Sucralose and erythritol: Studies would suggest that these “major players” accelerate certain cancer growth in one case and promote heart attacks and strokes in the other, Tilg said in the APA interview.
In the case of sucralose – “six hundred times sweeter than sugar” – there are currently purely preclinical studies by British researchers, but according to Tilg: “The data are very convincing.” Experiments on mice have shown that the sweetener, which is widely used in the food industry “because it is so potent”, increases the growth of certain tumors, such as pancreatic cancer. The researchers were concerned with whether the sweetener is able to manipulate the immune system. “The answer is: yes,” said the expert.
In the case of erythritol, a sugar alcohol that is also widely used as a sweetener and is well absorbed by the body, there is a clinical study and two large follow-up studies by American scientists. “On the basis of 1,157 patients, it was shown that over three years the rate of heart attack and stroke correlated directly with the blood level of erythritol. That means there is obviously a clear connection here,” emphasized Tilg. This was also the case in the two follow-up studies been found. And in addition, it has been proven in the laboratory that erythritol can reach a concentration in humans that causes the blood platelets to clump together. “And that, in turn, is the prerequisite for heart attacks or strokes,” Tilg clarified. Finally, according to the top doctor, healthy subjects were also given erythritol: “The blood levels that were reached were the same as those that were also in the laboratory has seen the platelets clump together. This shows that it’s not just a purely laboratory effect. When you drink the stuff you get levels capable of causing platelet clumping.”
The bottom line from the findings regarding both sweeteners is: “The concept that all these sweeteners are completely harmless must be ended.” From now on, science must deal with the fact that other additives besides aspartame are anything but harmless, but on the contrary may cause diseases.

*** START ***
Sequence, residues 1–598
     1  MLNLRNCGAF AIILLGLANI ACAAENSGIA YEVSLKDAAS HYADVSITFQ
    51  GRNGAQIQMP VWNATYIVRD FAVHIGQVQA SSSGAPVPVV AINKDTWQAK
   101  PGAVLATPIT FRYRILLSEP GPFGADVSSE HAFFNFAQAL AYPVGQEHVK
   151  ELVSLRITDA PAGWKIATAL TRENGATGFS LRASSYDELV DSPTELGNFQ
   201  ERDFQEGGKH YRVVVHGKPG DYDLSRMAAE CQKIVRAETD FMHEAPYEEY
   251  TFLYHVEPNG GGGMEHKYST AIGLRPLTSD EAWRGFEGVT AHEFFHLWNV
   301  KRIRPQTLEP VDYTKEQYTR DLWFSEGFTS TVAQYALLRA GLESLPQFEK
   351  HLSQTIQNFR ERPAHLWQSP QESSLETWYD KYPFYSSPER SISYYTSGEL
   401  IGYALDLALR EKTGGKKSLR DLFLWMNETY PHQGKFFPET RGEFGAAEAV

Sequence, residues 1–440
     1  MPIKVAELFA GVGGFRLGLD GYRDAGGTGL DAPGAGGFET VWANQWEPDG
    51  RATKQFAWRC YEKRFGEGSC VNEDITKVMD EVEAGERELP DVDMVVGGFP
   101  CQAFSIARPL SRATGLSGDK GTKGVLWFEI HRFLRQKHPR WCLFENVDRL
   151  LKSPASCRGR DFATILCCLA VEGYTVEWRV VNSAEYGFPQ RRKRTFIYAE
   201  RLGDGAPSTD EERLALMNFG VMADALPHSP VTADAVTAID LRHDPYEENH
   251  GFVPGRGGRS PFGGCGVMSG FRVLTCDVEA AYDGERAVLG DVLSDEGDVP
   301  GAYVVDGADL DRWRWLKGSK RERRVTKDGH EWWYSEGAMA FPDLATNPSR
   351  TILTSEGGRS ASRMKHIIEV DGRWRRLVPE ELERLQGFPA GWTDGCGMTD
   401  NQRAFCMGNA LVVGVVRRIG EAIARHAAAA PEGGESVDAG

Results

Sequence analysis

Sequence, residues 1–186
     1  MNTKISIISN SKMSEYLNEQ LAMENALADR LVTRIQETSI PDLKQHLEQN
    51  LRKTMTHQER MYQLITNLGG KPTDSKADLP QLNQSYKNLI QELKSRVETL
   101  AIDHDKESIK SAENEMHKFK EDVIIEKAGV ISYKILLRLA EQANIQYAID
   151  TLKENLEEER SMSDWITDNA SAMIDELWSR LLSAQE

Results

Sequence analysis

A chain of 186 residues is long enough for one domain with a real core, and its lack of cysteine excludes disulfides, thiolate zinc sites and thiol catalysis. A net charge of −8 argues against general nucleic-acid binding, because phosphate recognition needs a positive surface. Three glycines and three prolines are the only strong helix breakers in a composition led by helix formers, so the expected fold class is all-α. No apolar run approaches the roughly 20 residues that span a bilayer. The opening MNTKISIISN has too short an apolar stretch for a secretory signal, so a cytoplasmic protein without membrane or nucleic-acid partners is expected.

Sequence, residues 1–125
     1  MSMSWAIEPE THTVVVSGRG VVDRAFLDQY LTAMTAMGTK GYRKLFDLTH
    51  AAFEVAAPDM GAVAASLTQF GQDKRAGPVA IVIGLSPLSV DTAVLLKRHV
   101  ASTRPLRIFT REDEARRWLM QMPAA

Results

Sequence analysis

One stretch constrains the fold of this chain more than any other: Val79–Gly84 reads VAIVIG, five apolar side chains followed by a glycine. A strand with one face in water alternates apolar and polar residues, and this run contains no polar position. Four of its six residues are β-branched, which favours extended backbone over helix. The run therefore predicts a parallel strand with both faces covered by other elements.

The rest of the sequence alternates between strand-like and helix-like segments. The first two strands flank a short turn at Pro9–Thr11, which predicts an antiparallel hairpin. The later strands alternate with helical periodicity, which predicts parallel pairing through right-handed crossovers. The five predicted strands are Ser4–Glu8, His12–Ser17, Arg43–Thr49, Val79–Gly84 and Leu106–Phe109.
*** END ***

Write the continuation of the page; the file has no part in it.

In both cases, however, “more studies and more data are needed,” Tilg emphasized. “But from now on the call sign is there and you can’t say: ‘We’re ignoring that.’ Instead, medical science has to deal with it intensively in the form of large clinical studies,” explained the gastroenterologist. There are indications that “although you take artificial sweeteners, they even increase energy intake by manipulating intestinal bacteria and are ultimately able to negatively influence sugar metabolism again.” The original goal – “that people don’t get fatter” – was “not achieved at all, on the contrary”. Now it is a question of finally proving that this increase in sweeteners “is not just a zero-sum game, but is even harmful in terms of causing diseases.”
At some point, all this could lead to such sweeteners being banned altogether, because: “Now there is a huge question mark.” Not least because obesity, i.e. obesity, is increasing globally. “Despite an ever-increasing market for artificial sweeteners,” Tilg added, concluding: “Artificial sweeteners are increasingly under attack.”
Incidentally, Tilg’s conclusions also find their way into a renowned medical publication: Under his leadership, researchers at the Medical University of Innsbruck comment on these latest findings in the specialist journal “The New England Journal of Medicine”, “our bible”, as Tilg vividly put it.